Teachers 'least bored' in their jobs

Graduates who choose a career in teaching are the least likely to be bored by their jobs, according to a new survey.

The first 'Workforce Boredom Index', produced by the Training and Development Agency for Schools, questioned more than 2,000 graduates aged between 21 and 45.

The survey found that half of graduates working in a range of professions are regularly bored at work, with those in administration, manufacturing, sales and marketing the most likely to be frustrated.

Around 61% of employees surveyed said that they were bored mainly because of the lack of challenge in their jobs, while 60% said that not using their skills or knowledge made life tedious.

Around half of those surveyed said that the boredom of doing the same things every day was to blame.

However, the research found that teachers were the least likely to be bored with their job. Around 81% of teachers questioned said that their job was interesting because of the challenge of the role and the fact that no two days were the same.

The opportunity to interact with other people was also cited as a positive feature of their job by 86% of respondents, while 64% also welcomed the opportunity to use their creativity.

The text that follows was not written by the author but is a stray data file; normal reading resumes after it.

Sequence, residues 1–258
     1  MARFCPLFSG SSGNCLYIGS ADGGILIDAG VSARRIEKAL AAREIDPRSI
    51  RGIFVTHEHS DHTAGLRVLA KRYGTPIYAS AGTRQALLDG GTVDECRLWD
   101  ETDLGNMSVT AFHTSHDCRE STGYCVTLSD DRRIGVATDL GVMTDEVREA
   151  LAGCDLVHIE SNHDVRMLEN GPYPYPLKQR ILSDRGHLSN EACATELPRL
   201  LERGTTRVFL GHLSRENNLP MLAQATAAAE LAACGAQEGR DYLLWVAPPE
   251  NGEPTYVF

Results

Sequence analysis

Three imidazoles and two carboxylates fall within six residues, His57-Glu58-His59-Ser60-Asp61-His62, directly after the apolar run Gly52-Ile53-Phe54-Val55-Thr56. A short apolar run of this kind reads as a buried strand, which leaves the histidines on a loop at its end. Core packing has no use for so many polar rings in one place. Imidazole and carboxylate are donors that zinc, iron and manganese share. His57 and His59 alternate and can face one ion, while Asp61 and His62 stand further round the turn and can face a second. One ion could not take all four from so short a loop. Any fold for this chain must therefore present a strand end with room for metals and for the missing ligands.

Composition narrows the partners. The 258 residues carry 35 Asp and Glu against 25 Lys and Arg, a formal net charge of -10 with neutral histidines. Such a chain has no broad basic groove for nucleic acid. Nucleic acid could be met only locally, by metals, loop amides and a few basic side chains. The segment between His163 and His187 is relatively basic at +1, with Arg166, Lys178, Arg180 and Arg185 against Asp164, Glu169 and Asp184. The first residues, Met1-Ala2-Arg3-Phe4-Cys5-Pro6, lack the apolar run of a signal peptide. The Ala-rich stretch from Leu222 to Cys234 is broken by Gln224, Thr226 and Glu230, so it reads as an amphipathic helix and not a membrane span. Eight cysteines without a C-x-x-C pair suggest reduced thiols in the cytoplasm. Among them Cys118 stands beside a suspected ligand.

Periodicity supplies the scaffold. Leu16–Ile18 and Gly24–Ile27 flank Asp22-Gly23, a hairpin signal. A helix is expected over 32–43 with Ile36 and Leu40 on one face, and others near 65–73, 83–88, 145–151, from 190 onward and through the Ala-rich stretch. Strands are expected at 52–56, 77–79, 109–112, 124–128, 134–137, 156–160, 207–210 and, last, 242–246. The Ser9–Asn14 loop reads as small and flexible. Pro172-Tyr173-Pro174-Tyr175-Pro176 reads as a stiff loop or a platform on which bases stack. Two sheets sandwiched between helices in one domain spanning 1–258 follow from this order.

Michael Day, Executive Director at the TDA, said: "These findings demonstrate that one of the chief benefits of teaching is the sheer variety of the job - that no two days are the same. It's never too late to make a career switch, and there are now many ways you can train to teach to match your personal circumstances, as well as new financial support.

"There's a particular need for more people to train to teach maths and science and there are still places available on courses starting this September. I'd encourage graduates who are bored in their jobs, particularly those with maths and science related degrees, to take another look at the day-to-day and financial rewards in teaching."


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